And He answered and said, “Have you not read that He who created them from the beginning MADE THEM MALE AND FEMALE, and said, ‘FOR THIS REASON A MAN SHALL LEAVE HIS FATHER AND MOTHER AND BE JOINED TO HIS WIFE, AND THE TWO SHALL BECOME ONE FLESH’? (NASB) Matthew 19:4-5
And I say to you, whoever divorces his wife, except for immorality, and marries another woman commits adultery. (NASB) Matthew 19:9
In the first passage, it is important to notice that Jesus’ illustration was about two people (male and female) becoming one flesh. Jesus never referred to three or more becoming one flesh. For a man to marry another woman in addition to his current wife was not permitted. Adultery was committed when a man married a woman while he was still biblically married to another.
Those who claim that 1 Cor. 5:1 is an example of polygamy have missed the meaning of the verse,
It is actually reported that there is immorality among you, and immorality of such a kind as does not exist even among the Gentiles, that someone has his father’s wife. (NASB) 1 Cor. 5:1
While it is true that the phrase “father’s wife” refers to a woman who is not his mother, it is an error to conclude that the two were married. It is important to realize that the apostle Paul condemns their conduct and orders the Corinthians to remove the man from among them (1 Cor. 5:2). Would the apostle have done this if polygamy was an acceptable practice and they were married? These two individuals were having sex with each other just as many have done throughout history and today without being married. It is also important to notice in 1 Cor. 5:7-13 that the apostle calls the situation immoral and concludes with this comment,
. . . REMOVE THE WICKED MAN FROM AMONG YOURSELVES. (NASB) 1 Cor. 5:13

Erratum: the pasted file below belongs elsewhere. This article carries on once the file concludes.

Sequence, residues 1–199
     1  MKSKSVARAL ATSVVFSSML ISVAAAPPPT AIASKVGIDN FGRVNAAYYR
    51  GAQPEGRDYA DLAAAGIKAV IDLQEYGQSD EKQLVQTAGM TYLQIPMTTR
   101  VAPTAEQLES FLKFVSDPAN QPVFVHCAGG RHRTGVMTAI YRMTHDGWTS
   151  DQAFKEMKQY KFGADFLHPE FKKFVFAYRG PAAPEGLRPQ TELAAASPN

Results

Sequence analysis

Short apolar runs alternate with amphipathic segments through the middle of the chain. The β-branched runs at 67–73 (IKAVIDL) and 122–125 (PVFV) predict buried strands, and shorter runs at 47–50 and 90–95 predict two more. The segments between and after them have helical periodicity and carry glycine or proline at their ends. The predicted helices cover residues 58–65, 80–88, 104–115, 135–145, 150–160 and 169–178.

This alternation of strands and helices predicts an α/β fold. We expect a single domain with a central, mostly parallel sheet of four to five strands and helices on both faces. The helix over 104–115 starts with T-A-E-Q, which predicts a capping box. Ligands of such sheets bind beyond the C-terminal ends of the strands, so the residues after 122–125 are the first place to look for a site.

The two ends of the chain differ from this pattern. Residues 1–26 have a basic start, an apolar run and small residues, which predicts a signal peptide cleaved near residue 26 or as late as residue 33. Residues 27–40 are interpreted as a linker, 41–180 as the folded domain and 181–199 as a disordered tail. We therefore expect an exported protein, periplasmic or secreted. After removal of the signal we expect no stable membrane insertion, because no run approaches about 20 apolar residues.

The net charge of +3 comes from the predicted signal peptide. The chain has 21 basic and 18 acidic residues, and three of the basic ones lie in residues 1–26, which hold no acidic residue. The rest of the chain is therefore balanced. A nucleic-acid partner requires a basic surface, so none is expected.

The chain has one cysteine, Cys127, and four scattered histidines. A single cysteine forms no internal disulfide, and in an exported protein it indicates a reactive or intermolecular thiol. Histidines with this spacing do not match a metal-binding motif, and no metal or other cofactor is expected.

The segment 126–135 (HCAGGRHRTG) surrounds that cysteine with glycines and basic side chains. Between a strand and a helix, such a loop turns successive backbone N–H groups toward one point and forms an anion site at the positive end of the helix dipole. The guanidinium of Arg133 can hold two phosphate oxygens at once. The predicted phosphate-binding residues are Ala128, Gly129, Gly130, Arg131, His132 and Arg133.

Then later in 1 Cor. 7:2 the apostle Paul tells us that each man and woman is to have one spouse.
But because of immoralities, each man is to have his own wife, and each woman is to have her own husband. (NASB) 1 Cor. 7:2
The Greek is very specific here. The Greek reveals that the husband has hs own wife and the wife is to have her own husband. They own one another. This is contrary to the current culture. Today, most women and men believe that they are in control of themselves, but biblically speaking that is it not true. The husband owns the wife and the wife owns her husband. This should not be understood as a liberty to abuse one another. It should be understood as an obligation to one another.
Then in 1 Timothy 3:2 and Titus 1:6 we are told that overseers or church leaders, who are the spiritual models for the church congregation, are to have only one wife.
An overseer, then, must be above reproach, the husband of one wife . . . (NASB) 1 Tim. 3:2
They are to be “one-women-men.” This is consistent with God’s original desire as recorded in Gen. 2:23-24.
The man said, “This is now bone of my bones, And flesh of my flesh; She shall be called Woman, Because she was taken out of Man.” For this reason a man shall leave his father and his mother, and be joined to his wife; and they shall become one flesh. (NASB) Genesis 2:23-24
It is impossible for a man and woman to become one flesh when one of them is married to more than one spouse.
While polygamous marriages are recorded in the Bible, one should not conclude that God approved of them. The Bible records deeds of wickedness as well as righteousness. At no time does God give approval of multiple spouses. In fact, from the beginning God intended for marriage to be between one man and one woman. In the Old Testament, God prohibited kings from having multiple wives, and in the New Testament He prohibited church leaders from having multiple wives. One should not conclude that God approves of multiple husbands either. Kings and elders are to be examples for others to follow (Deut. 17:15-17; Heb. 13:7; 1 Pet. 5:3). God’s pattern for the family is monogamous marriages.
Jeffrey Tigay. Deuteronomy, The JPS Torah Commentary. Jewish Publication Society. 1996. p. 167.